Greenhill Upper School students and faculty share underrepresented Black historic figures in honor of Black History Month.
Dr. Amy Bresie, History Department chair and Upper School History teacher
I am surprised that the work of Pauli Murray is not more widely known. After the all-white University of North Carolina refused to admit her to its law school, Murray worked with the NAACP to fight segregation. While she failed to change North Carolina’s laws, she received her law degree from Howard University and became a prominent Civil Rights lawyer. She campaigned to end segregation on public transportation, befriended Eleanor Roosevelt, helped to found the Congress of Racial Equality, served on a committee for racial justice under the Kennedy administration, published poetry, co-founded the National Organization of Women, and later became one of the first female Episcopalian priests. She transcended every barrier put in front of her.
Chrystal Duckert, Upper School English teacher
James Baldwin was an accomplished African American writer whose work was often overlooked by critics due to the emphasis on the traditional literary canon. His writing style and personal aesthetic is critical to understanding the African American experience in America.
Dr. Karin Thomas, Upper School English teacher
Gwendolyn Brooks: https://www.poetryfoundation.org/poems-and-poets/poets/detail/gwendolyn-brooks Brooks was the first black woman to win the Pulizer prize for A Street in Bronzeville , which she began writing when she was seventeen. I had teacher in college who took a group of us students to meet her in Hartford. I remember about five of us piled into his car to attend her poetry reading. I had never been to a poetry reading, and I wasn’t expecting much. Brooks was warm and funny and kind, and hearing her read her work moved me. Nowadays, re-reading her work, appreciate her craftsmanship, She is one of the finest sonnet writers in American poetry. But what I remember is that she wrote about people who reminded me of my folks.
Maya LaRosliere, junior
Personally, I think the most underrepresented historic black figure is every black figure that is not Martin Luther King Jr., Rosa Parks, or Harriet Tubman. Throughout our education in grade school when we talk about black figures year after year they are the same ones. Unless you seek out to learn about more influential black people chances are you will not be exposed to the impact they had on our country. Even the figures I mentioned are not taught into complete depth.
Karis Thomas, junior
Black people are underrepresented period. It’s sad that many figures go unrecognized and the only two black figures we talk about are MLK and Rosa Parks. In my opinion Angels Davis (aside from being my hero) is one of the most underrepresented black figures not only civil rights but in American history. Her achievements as a scholar and writer along with her role in the Black Panther Party and advocating for prison reform/rights often goes unnoticed and should be recognized.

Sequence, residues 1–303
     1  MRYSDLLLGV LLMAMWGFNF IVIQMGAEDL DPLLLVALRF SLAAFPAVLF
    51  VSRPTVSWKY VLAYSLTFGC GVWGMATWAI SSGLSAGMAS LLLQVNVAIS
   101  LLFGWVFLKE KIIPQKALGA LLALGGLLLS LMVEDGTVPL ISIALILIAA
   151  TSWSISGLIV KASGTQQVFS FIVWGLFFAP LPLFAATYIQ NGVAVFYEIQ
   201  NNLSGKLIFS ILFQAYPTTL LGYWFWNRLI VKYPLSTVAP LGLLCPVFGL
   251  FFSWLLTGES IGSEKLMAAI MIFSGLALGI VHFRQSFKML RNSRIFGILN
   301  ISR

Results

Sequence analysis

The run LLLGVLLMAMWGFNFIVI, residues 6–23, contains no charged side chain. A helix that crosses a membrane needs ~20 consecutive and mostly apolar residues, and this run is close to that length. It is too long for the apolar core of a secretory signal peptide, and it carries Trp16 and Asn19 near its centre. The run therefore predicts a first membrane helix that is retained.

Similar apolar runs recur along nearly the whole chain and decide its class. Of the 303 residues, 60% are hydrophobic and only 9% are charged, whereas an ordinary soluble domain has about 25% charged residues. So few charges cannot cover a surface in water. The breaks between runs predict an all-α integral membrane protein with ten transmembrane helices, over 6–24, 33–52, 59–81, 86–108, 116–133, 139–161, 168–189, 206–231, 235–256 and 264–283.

Ananias Hayes, sophomore
If I had to choose some African Americans that are underrepresented during Black History Month, one would have to be Claudette Colvin. She was a African American woman that refused to give up her seat to a white passenger. Even though this should not undermine the act of Rosa Parks, Colvin did this before Parks but is undermined because was a teen mother at the time. Another would be Martin Delay who was an abolitionist, newspaper editor, and one of the 1st successful Black physicians. I just think its remarkable because not only did he graduate from Harvard Medical School, he was also a officer in the US Army. I love Delany because I love not only broke the color barrier at Harvard but also in the field of medicine!
Kassidy Woods, junior
In my opinion, one the most underrated historical black figures is Shirley Chisholm. Shirley Chisholm was born Shirley St. Hill on November 30, 1924, in a predominantly black neighborhood in Brooklyn, New York. Later in life, she became the first African-American congresswoman in 1968. She represented New York State in the U.S. House of Representatives for seven terms. Chisholm went on to make history yet again, becoming the first major-party African-American candidate to make a bid for the U.S. presidency when she ran for the Democratic nomination in 1972. She served as director of the Hamilton-Madison Child Care Center from 1953-59, and as an educational consultant for New York City’s Bureau of Child Welfare from 1959-64. She lived to be 80 years old, dying January 1, 2005. Not only did Shirley Chisholm represent the African American community, but also being a woman as well. We all know The Constitution they wrote was designed to protect the rights of whites, more so the white male citizens. As there were no black Founding Fathers, there were also no founding mothers. Not only did she face the triumphs of her black skin, but also being a woman too. One of my favorite quotes by her is, “Tremendous amounts of talent are lost to our society just because that talent wears a skirt.” Let that sink in
Photo by Zeenya Meherally
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